Medicaid work requirement part of discussions in debate about expansion

Todd Gilbert

Under a narrow Republican majority and a new Democratic governor, Republicans and Democrats have been inching toward a possible compromise that would expand Medicaid in Virginia, while adding changes to the program that Republicans favor.

During a meeting of the House Rules Committee, three Democrats voted in favor of a Republican-backed proposal to apply for a waiver that would add work requirements to the state’s Medicaid program.

Speaker M. Kirkland Cox signaled in a letter to Gov. Ralph Northam that he would be willing to discuss Medicaid expansion but that it wouldn’t pass the Republican-controlled legislature without provisions like the work requirement.

But it’s unclear whether the two sides will be able to reach a compromise, or how far apart they are from reaching a deal.

Del. C. Todd Gilbert, R-Woodstock, who voted to apply for the waiver, described the work requirement letter as a way of gauging whether Northam and Democrats in the legislature are willing to compromise in order to expand the program.

“Our caucus has taken a firm position against the Terry McAuliffe-style expansion that was proposed for the last four years,” Gilbert said. “Any dialogue that the speaker was trying to have was intended…to see if the governor is drawing his own hard line against any type of reform to what is arguably a failing program.”

That could indicate that Republican and Democratic lawmakers are still far apart from reaching a deal that would expand the Medicaid program.

Gilbert said that he was in favor of a work requirement to the Medicaid program, saying that it would help to make able-bodied people become “self-sufficient.” The work requirement would not apply to children or to people with disabilities.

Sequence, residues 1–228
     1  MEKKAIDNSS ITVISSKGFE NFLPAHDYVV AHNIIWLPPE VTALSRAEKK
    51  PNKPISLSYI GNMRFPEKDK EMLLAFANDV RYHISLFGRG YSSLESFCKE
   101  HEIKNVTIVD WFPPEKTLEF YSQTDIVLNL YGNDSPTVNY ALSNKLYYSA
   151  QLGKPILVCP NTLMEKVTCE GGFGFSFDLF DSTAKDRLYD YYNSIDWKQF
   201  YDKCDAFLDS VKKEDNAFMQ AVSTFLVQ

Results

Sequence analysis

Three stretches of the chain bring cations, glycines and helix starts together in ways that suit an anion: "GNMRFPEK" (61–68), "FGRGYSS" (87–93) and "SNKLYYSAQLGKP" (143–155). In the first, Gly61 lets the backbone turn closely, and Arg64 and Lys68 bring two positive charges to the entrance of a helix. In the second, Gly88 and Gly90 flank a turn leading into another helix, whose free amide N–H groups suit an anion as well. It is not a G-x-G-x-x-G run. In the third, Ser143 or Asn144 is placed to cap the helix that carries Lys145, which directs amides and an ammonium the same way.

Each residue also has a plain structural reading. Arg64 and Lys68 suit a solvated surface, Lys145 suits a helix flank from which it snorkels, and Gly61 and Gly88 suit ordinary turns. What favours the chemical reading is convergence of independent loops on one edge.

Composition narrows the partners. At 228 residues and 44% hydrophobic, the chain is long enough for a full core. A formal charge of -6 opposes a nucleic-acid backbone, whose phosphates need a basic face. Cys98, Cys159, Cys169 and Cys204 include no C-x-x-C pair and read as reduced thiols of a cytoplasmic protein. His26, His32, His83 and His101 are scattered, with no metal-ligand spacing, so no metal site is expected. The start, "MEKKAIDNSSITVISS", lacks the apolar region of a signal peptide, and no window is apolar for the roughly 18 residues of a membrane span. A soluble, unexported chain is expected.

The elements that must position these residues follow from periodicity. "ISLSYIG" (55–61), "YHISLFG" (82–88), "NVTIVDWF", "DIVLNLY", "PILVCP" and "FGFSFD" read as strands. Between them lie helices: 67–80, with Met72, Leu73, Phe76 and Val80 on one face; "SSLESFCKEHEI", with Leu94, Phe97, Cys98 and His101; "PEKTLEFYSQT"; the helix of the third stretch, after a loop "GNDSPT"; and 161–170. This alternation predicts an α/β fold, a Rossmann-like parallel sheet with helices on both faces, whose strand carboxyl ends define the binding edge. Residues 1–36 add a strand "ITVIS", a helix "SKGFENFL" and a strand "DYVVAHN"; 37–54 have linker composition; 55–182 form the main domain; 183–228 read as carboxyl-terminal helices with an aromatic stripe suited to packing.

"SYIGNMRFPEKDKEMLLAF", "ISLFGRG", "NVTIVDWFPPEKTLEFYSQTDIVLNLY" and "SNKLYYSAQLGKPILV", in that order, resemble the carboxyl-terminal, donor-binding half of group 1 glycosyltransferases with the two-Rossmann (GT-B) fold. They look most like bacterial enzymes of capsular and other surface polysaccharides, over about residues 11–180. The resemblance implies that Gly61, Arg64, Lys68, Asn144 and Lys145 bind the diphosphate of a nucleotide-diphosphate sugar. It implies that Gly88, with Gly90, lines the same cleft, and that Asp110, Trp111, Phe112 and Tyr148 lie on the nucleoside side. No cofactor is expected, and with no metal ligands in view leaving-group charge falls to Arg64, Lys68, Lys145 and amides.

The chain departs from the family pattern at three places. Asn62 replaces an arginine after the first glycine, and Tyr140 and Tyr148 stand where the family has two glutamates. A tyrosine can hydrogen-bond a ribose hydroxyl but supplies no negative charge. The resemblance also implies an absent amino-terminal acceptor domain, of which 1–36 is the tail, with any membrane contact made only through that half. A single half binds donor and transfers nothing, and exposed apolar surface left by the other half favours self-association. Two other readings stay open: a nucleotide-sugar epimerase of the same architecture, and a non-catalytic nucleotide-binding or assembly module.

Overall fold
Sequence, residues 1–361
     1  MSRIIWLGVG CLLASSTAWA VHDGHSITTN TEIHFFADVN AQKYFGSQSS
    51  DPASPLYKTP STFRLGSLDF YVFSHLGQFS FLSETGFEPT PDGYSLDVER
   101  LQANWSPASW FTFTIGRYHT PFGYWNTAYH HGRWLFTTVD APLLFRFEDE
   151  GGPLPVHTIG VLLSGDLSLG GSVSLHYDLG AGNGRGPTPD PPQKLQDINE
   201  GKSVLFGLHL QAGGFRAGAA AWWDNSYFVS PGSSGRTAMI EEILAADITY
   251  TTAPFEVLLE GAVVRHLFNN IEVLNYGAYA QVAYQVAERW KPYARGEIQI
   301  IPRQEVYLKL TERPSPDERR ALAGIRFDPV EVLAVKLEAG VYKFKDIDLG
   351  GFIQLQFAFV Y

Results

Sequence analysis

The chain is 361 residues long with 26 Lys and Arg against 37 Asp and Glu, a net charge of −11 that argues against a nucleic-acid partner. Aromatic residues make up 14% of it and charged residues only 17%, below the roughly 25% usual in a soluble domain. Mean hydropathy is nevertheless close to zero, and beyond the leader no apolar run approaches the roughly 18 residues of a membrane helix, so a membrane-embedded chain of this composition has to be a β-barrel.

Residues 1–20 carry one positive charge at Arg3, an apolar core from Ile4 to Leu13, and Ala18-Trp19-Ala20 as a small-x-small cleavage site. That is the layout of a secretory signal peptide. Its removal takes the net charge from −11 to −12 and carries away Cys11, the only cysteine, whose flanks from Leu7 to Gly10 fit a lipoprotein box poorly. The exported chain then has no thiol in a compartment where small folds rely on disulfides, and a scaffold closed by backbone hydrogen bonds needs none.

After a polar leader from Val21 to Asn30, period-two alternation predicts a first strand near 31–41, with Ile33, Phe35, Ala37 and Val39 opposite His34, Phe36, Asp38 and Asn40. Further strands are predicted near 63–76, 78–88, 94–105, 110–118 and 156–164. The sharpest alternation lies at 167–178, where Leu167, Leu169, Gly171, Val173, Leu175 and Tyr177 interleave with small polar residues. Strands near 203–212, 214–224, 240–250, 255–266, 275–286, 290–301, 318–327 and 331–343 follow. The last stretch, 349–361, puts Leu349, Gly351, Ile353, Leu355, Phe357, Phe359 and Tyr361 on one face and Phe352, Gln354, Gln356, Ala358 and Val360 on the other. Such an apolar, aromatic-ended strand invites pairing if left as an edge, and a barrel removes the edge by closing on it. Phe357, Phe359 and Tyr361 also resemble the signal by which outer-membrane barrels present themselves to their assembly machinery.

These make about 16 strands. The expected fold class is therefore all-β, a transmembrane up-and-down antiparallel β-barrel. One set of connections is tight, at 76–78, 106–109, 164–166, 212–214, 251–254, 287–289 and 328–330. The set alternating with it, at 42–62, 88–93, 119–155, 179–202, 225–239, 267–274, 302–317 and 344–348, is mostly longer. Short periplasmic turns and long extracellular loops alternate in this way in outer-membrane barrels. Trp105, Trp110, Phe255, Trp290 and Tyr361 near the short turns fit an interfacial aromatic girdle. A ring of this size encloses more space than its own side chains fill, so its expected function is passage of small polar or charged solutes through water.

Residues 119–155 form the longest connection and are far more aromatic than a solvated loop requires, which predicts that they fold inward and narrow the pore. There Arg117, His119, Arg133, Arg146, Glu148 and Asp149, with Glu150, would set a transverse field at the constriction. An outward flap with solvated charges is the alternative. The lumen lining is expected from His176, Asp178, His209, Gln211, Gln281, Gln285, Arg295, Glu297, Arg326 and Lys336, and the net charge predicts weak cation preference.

“We’re not trying to make kids or disabled people go out and get a job, we’re just saying that if you’re an able-bodied adult, that you should be either working or pursuing work,” Gilbert said. “And we think that’s ultimately in the best interest of the individual, to have the dignity that’s associated with work.”

Lawmakers in other states have moved toward applying for waivers that would allow them to add work requirements to their Medicaid programs following a policy change from the Centers for Medicare and Medicaid Services. On Jan. 11, the Centers for Medicare and Medicaid Services issued support for states that add the work provisions.

As of Jan. 16, 10 states had submitted proposals to the Centers for Medicare and Medicaid Services, according to the Kaiser Family Foundation, a nonpartisan health policy analysis organization.

Even with a work requirement, Gilbert said that he would vote  against expanding Medicaid. Like many Republicans, Gilbert is concerned about the financial impact that could come from expanding Medicaid.

“I will not be voting for an expansion of the Medicaid program in any form, under any circumstances,” Gilbert said.

Dels. Michael Webert, R-Marshall, Wendy Gooditis, D-Boyce, and Chris Collins, D-Winchester, have not responded to requests for comment. Sens. Mark Obenshain, R-Harrisonburg, and Jill Vogel, R-Upperville, have not responded to requests for comment.

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